Like many women I spend a wasteful amount of time and thought on how others, especially my husband, view my outward appearance.
Much of who I believe myself to be is formed in front of the bathroom mirror or reflected in the automatic glass doors that greet me at the local shopping centre. They slide quickly open, but not quite fast enough. The top to toe view of self as I walk towards them will most often cause me to cringe.
Image is an advertisers dream.
We're told we will look amazing if we drink this, eat that, wear this, go there, join here etc etc...
The ceaseless advertising that tells us we're ugly, out-of-fashion, overweight, lonely, unhealthy and lazy reminds me of the bombing raids of WW2; dropping one bomb after another, scaring the wits from a person and removing all sense of physical and emotional security. With no idea when the next onslaught would come, life was an hour by hour watch and wait roller coaster.
Advertising 'bombs' can unsettle even the most confident of women at some stage or another, whilst the least fragile of our gender may be feeling the shattering effects in a day to day battle.
We are told via all forms of advertising that our skin 'needs' product A to delay aging, 'will be happier and toned' by joining Group B, 'will looked better' wearing C's new wardrobe, can 'trust we are loved' if our husband gives us D's diamonds - and whether you truly believe them or not those insidious lies are driven deeper and deeper into our mind until we unwittingly see our worth through a distorted and unbalanced mirror.
But it's not just advertising which has the power to camouflage truth and magnify discontent.
Words from the past, especially childhood, may rise up to crush our self esteem too.
For example, my father never said a single positive word to me. When I was expecting my first child his comment to a friend was, "Give her a push and she'll roll for a mile".
When I was raped at age 14 he took side with the three boys because their father was a sports hero he had long admired.
Now over the course of my life much of the 'less' I see myself to be stems from the abuse, neglect and cruelty of my dad, and the saddest thing is that I transferred all my insecurities from that father/daughter relationship onto my first (failed) marriage as a 17 year old, and then onto my second (wonderfully blessed) marriage to Mr E.
The damage of my childhood was etched so deep that not even the unconditional and faithful love of my husband through our 24 year (and still going strong) marriage has been able to dislodge it.
And this is where I arrive at today's Scripture.
I've been studying slowly through 1 Peter over the past month because I want to extract as many hidden gems as the Lord will give me, but the longest time has been spent pondering and praying
through 1 Peter 3:1-4...
**Likewise you wives, be submissive to your own husbands, that even if some do not obey the word, they, without a word, may be won by the conduct of their wives, when they observe your chaste conduct accompanied by fear.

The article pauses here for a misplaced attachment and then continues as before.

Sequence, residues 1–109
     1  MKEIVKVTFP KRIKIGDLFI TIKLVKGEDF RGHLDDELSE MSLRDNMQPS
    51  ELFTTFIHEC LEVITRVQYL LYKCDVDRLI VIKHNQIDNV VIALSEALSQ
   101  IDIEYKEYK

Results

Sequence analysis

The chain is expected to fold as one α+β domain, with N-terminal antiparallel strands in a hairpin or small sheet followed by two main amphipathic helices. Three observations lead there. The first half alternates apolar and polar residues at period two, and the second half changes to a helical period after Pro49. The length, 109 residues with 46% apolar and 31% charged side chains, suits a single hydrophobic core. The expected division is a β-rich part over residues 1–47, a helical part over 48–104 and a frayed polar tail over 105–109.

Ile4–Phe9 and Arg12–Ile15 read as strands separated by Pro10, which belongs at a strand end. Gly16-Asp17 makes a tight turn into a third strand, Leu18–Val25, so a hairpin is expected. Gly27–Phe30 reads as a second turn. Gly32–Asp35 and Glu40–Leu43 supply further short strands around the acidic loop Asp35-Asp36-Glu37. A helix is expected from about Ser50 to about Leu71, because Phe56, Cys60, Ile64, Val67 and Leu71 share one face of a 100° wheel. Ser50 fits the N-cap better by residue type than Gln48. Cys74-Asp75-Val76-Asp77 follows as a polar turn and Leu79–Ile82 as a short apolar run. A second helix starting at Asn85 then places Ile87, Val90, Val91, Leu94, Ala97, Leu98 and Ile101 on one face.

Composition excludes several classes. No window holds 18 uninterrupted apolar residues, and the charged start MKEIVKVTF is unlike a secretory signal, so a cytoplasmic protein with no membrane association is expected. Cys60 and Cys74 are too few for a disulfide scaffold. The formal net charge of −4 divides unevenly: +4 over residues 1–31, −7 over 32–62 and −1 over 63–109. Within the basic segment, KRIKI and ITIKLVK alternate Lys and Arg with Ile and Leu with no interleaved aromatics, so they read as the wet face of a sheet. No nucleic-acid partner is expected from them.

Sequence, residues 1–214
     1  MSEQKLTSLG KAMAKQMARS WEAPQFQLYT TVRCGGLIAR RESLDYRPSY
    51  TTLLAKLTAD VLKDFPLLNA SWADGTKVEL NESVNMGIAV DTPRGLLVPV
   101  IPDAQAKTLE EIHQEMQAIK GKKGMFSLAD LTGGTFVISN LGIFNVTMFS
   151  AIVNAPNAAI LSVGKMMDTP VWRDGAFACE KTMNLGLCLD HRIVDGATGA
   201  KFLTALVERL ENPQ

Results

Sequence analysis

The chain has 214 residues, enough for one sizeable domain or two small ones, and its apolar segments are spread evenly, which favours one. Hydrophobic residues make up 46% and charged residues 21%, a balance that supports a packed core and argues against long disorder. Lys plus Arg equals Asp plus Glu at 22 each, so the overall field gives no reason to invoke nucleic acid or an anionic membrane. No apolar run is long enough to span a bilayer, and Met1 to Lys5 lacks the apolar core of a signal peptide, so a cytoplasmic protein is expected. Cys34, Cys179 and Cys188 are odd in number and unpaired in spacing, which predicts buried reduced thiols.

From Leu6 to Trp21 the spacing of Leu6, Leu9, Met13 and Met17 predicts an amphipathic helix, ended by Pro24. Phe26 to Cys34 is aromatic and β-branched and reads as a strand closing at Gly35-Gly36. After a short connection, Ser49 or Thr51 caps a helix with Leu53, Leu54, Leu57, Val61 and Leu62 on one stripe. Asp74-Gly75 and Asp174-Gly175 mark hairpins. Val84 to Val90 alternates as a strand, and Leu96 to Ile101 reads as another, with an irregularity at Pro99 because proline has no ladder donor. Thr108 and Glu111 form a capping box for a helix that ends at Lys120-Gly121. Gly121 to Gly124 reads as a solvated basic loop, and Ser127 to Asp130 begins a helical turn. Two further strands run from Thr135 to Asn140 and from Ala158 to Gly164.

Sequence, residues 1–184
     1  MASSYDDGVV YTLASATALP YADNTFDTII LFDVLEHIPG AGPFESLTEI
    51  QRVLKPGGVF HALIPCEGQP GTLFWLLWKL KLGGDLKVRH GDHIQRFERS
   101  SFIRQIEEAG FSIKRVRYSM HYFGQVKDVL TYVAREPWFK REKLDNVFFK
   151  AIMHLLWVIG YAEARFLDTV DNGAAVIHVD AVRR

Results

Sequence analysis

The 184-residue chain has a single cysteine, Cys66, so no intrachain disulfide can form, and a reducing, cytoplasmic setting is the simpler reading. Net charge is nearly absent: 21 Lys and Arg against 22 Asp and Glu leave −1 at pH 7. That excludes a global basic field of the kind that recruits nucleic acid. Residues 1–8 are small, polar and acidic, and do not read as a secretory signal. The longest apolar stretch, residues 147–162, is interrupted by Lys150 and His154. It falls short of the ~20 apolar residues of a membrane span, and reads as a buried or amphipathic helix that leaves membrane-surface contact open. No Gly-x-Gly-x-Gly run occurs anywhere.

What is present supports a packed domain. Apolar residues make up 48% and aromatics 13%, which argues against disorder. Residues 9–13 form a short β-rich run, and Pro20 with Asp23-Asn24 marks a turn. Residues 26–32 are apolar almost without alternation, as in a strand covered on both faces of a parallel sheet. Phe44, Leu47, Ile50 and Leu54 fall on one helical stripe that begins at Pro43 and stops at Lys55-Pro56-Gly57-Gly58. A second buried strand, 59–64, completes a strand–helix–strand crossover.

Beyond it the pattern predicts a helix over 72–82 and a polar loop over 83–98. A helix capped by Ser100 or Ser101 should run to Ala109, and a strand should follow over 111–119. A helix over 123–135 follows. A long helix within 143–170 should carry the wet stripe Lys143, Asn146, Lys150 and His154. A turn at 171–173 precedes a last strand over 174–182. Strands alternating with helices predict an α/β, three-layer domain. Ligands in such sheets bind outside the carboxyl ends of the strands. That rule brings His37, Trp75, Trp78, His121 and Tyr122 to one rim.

Do not let your beauty be that outward adorning of arranging the hair, or wearing gold, or of putting on fine apparel; but let it be the hidden person of the heart, with the incorrigible ornament of a gentle and quiet spirit, which is very precious in the sight of God.**
As much as I think (or have been conditioned to think) that my fading and aging beauty can be restored with a wonder cream, gym membership, plastic surgery, herbal tonics, Weight Watchers, fashion wardrobe, personal trainer, or expensive makeover (all which will apparently cause me to 'hold the attention and admiration' of the man of my dreams) this is a lie straight from the arsenal of satan.
You see, my dear husband dislikes make-up and fancy clothes, gyms and fitness regimes, perfume and pomp, but what he dislikes most is when I speak down about myself.
So when I took that TRUTH from the heart of the man who loves me most and let it simmer in my thoughts for a while it became quite obvious that I've perhaps been trying to look good for the world and not just him, so this is another insidious deception I've swallowed from the father of lies.
After all, social media and advertising these days is all about 'look at me', 'listen to me', 'compare yourself to me'. More bombs. More to feel insecure about. More things to try. More faces and bodies better looking than I could ever hope to be. More reminders I am failing.
But back to truth...
Exposing the lies doesn't automatically mean I am able to cast off my personal insecurities, or look in the mirror and say "hey, you're beautiful, Jenny" - but it does mean that I can say out loud every time my low self opinion bites with a lie, "Outward appearance will not hold the heart of my beloved, but my gentleness, my daily encouragement of him, my desire to enjoy him, my faithfulness, my kindness, my personal confidence, my heart to serve delightfully, my love for Jesus and the Word of God - these do hold his heart every day and most importantly my inward beauty is magnified!"
Breaking of old habits and ancient thought patterns is not an overnight achievement for most people and it's certainly not for me, but until the Lord returns or He whisks me away from this earthly life I intend holding fast to the wise teaching from Peter and walking in the promise of Proverbs 31:30...
** Charm is deceitful and beauty is passing, but a woman who fears the Lord, she shall be praised.**
My husband praises me every day for who I am, and what he loves about me.
Yet only once in 24 years has he told me I'm pretty.
He never saw that as important.
I should have listened to him more.
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